[...] Read more.
Fresh-cut Chinese water chestnuts (CWC) turn yellow after being peeled, reducing their shelf life and commercial value. Metabolomics, the systematic study of the full complement of small molecular metabolites, was useful for clarifying the mechanism of fresh-cut CWC etiolation and developing methods to inhibit yellowing. In this study, metabolic alterations associated with etiolation at different growth stages (0 day, 2 days, 3 days, 4 days, 5 days) from fresh-cut CWC were investigated using LC–MS and analyzed by pattern recognition methods (principal component analysis (PCA), partial least squares-discriminant analysis (PLS-DA), and orthogonal projection to latent structures-discriminant analysis (OPLS-DA)). The metabolic pathways of the etiolation molecules were elucidated. The main metabolic pathway appears to be the conversion of phenylalanine to p-coumaroyl-CoA, followed by conversion to naringenin chalcone, to naringenin, and naringenin then following different pathways. Firstly, it can transform into apigenin and its derivatives; secondly, it can produce eriodictyol and its derivatives; and thirdly it can produce dihydrokaempferol, quercetin, and myricetin. The eriodictyol can be further transformed to luteolin, cyanidin, dihydroquercetin, dihydrotricetin, and others. This is the first reported use of metabolomics to study the metabolic pathways of the etiolation of fresh-cut CWC. Full article
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Open AccessArticle Organ- and Growing Stage-Specific Expression of Solanesol Biosynthesis Genes in Nicotiana tabacum Reveals Their Association with Solanesol Content
Molecules 2016, 21(11), 1536; doi:10.3390/molecules21111536
Received: 9 September 2016 / Revised: 11 November 2016 / Accepted: 11 November 2016 / Published: 15 November 2016
Cited by 1 | PDF Full-text (2250 KB) | HTML Full-text | XML Full-text
Abstract
Solanesol is a noncyclic terpene alcohol that is composed of nine isoprene units and mainly accumulates in solanaceous plants, especially tobacco (Nicotiana tabacum L.). In the present study, RNA-seq analyses of tobacco leaves, stems, and roots were used to identify putative solanesol
[...] Read more.
Solanesol is a noncyclic terpene alcohol that is composed of nine isoprene units and mainly accumulates in solanaceous plants, especially tobacco (Nicotiana tabacum L.). In the present study, RNA-seq analyses of tobacco leaves, stems, and roots were used to identify putative solanesol biosynthesis genes. Six 1-deoxy-d-xylulose 5-phosphate synthase (DXS), two 1-deoxy-d-xylulose 5-phosphate reductoisomerase (DXR), two 2-C-methyl-d-erythritol 4-phosphate cytidylyltransferase (IspD), four 4-diphosphocytidyl-2-C-methyl-d-erythritol kinase (IspE), two 2-C-methyl-d-erythritol 2,4-cyclo-diphosphate synthase (IspF), four 1-hydroxy-2-methyl-2-(E)-butenyl 4-diphosphate synthase (IspG), two 1-hydroxy-2-methyl-2-(E)-butenyl 4-diphosphate reductase (IspH), six isopentenyl diphosphate isomerase (IPI), and two solanesyl diphosphate synthase (SPS) candidate genes were identified in the solanesol biosynthetic pathway. Furthermore, the two N. tabacum SPS proteins (NtSPS1 and NtSPS2), which possessed two conserved aspartate-rich DDxxD domains, were highly homologous with SPS enzymes from other solanaceous plant species. In addition, the solanesol contents of three organs and of leaves from four growing stages of tobacco plants corresponded with the distribution of chlorophyll. Our findings provide a comprehensive evaluation of the correlation between the expression of different biosynthesis genes and the accumulation of solanesol, thus providing valuable insight into the regulation of solanesol biosynthesis in tobacco. Full article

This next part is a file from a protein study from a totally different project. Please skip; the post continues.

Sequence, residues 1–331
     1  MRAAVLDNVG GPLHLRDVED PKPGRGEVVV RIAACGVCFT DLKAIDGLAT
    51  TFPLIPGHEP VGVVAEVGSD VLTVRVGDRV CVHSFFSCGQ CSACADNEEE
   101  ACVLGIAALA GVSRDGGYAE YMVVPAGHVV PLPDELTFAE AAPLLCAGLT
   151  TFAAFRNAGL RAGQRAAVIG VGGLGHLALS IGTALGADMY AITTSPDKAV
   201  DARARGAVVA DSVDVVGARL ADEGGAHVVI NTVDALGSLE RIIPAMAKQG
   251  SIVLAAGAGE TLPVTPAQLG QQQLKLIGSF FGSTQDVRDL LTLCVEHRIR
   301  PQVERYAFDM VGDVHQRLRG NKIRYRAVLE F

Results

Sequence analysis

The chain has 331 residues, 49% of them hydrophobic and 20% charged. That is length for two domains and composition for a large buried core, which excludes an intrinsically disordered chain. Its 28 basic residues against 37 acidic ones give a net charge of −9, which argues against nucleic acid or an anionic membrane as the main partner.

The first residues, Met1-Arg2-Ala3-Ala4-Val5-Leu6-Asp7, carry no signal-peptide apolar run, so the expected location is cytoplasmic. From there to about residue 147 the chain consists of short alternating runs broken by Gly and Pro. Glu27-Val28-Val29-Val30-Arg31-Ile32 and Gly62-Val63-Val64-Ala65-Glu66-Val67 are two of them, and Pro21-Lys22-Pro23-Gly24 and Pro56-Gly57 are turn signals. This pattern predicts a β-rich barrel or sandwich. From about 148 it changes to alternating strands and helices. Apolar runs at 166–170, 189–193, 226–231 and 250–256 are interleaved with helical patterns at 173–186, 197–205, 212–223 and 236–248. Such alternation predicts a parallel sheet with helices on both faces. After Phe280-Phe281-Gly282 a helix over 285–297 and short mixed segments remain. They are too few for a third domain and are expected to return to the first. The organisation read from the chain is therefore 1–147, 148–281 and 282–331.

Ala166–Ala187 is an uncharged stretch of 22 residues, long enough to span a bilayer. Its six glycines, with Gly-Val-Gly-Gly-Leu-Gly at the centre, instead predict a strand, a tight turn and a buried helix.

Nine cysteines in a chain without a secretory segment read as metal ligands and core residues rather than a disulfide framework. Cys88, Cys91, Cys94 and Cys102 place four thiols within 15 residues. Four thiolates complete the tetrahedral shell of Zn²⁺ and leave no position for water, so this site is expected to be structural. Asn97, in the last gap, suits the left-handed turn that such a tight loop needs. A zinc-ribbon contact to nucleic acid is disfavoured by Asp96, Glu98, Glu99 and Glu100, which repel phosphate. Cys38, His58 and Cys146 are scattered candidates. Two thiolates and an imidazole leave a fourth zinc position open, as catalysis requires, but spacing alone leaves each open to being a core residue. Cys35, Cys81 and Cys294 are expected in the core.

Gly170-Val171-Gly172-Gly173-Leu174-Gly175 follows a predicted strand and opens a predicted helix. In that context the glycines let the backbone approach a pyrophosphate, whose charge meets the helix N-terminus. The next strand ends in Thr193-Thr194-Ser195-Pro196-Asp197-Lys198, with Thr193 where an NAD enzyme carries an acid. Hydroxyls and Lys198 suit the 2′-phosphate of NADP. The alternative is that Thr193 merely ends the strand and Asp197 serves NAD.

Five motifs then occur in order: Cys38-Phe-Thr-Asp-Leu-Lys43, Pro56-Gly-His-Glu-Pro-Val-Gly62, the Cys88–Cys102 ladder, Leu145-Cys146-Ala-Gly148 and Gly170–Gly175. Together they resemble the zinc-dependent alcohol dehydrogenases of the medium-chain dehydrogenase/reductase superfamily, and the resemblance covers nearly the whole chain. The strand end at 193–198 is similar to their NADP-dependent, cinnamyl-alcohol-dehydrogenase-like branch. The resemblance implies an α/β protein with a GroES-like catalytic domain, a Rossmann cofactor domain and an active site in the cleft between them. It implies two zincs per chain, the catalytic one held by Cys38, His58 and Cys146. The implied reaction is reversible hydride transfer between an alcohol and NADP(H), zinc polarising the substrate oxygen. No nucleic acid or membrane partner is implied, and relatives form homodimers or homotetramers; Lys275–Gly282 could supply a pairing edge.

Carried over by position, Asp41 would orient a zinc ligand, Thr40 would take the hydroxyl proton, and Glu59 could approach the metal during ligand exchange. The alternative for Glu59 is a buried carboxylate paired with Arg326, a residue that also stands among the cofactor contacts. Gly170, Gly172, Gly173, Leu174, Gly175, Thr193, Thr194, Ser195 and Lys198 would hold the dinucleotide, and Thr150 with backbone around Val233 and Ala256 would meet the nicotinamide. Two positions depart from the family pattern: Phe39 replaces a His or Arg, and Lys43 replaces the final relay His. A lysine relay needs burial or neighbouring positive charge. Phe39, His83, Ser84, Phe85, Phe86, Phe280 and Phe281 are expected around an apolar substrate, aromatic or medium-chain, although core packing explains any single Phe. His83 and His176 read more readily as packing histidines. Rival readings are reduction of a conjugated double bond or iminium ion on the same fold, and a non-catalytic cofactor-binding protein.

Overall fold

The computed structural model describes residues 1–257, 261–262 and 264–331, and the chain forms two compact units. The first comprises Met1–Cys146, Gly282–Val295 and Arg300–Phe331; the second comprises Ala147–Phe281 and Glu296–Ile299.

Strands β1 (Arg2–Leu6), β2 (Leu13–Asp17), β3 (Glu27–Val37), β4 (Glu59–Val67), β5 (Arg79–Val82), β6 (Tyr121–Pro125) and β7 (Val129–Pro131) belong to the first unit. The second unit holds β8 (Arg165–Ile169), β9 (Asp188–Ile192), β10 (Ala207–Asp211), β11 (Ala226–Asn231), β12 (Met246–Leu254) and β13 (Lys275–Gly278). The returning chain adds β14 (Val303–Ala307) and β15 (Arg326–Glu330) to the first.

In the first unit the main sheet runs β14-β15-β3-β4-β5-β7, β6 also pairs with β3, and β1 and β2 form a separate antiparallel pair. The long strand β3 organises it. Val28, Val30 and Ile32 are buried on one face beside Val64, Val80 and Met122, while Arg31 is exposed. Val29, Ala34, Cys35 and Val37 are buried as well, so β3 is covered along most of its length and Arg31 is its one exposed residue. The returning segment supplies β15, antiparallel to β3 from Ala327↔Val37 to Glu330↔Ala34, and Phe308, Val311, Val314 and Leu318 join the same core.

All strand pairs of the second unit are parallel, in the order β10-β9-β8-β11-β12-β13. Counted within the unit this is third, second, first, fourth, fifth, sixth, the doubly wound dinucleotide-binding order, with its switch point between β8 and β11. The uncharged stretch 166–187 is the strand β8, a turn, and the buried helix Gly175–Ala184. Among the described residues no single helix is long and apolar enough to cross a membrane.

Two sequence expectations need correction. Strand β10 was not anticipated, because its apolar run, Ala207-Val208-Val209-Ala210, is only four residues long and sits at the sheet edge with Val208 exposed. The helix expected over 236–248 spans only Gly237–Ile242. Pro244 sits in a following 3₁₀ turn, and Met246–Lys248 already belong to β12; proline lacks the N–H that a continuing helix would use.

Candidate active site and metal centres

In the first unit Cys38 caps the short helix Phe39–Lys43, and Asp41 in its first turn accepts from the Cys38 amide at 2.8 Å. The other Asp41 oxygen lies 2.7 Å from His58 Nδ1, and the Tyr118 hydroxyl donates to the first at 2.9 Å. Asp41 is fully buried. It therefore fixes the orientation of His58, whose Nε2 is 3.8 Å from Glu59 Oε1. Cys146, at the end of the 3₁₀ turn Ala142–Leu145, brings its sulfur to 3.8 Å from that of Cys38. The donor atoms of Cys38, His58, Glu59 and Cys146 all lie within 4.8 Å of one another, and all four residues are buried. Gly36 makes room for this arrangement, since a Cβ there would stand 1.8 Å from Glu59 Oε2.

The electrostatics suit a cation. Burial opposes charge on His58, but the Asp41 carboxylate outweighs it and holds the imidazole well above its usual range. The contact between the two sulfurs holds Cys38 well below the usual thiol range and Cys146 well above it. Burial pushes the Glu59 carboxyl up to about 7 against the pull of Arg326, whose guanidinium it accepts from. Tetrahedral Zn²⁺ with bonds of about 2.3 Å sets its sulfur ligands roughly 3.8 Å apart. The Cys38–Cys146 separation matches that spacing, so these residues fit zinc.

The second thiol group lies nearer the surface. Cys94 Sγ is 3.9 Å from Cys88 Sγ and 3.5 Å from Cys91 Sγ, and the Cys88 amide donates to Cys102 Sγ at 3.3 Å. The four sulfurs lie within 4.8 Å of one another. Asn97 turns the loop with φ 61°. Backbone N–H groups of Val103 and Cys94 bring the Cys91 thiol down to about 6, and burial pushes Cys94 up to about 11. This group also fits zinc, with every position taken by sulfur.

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Open AccessArticle Medium Optimization and Fermentation Kinetics for κ-Carrageenase Production by Thalassospira sp. Fjfst-332
Molecules 2016, 21(11), 1479; doi:10.3390/molecules21111479
Received: 11 August 2016 / Revised: 17 October 2016 / Accepted: 31 October 2016 / Published: 5 November 2016
Cited by 2 | PDF Full-text (8440 KB) | HTML Full-text | XML Full-text
Abstract
Effective degradation of κ-carrageenan by isolated Thalassospira sp. fjfst-332 is reported for the first time in this paper. It was identified by 16S rDNA sequencing and morphological observation using Transmission Electron Microscopy (TEM). Based on a Plackett–Burman design for significant variables, Box–Behnken experimental
[...] Read more.
Effective degradation of κ-carrageenan by isolated Thalassospira sp. fjfst-332 is reported for the first time in this paper. It was identified by 16S rDNA sequencing and morphological observation using Transmission Electron Microscopy (TEM). Based on a Plackett–Burman design for significant variables, Box–Behnken experimental design and response surface methodology were used to optimize the culture conditions. Through statistical optimization, the optimum medium components were determined as follows: 2.0 g/L κ-carrageenan, 1.0 g/L yeast extract, 1.0 g/L FOS, 20.0 g/L NaCl, 2.0 g/L NaNO3, 0.5 g/L MgSO4·7H2O, 0.1 g/L K2HPO4, and 0.1 g/L CaCl2. The highest activity exhibited by Thalassospira sp. fjfst-332 was 267 U/mL, which makes it the most vigorous wild bacterium for κ-carrageenan production. In order to guide scaled-up production, two empirical models—the logistic equation and Luedeking–Piretequation—were proposed to predict the strain growth and enzyme production, respectively. Furthermore, we report the fermentation kinetics and every empirical equation of the coefficients (α, β, X0, Xm and μm) for the two models, which could be used to design and optimize industrial processes. Full article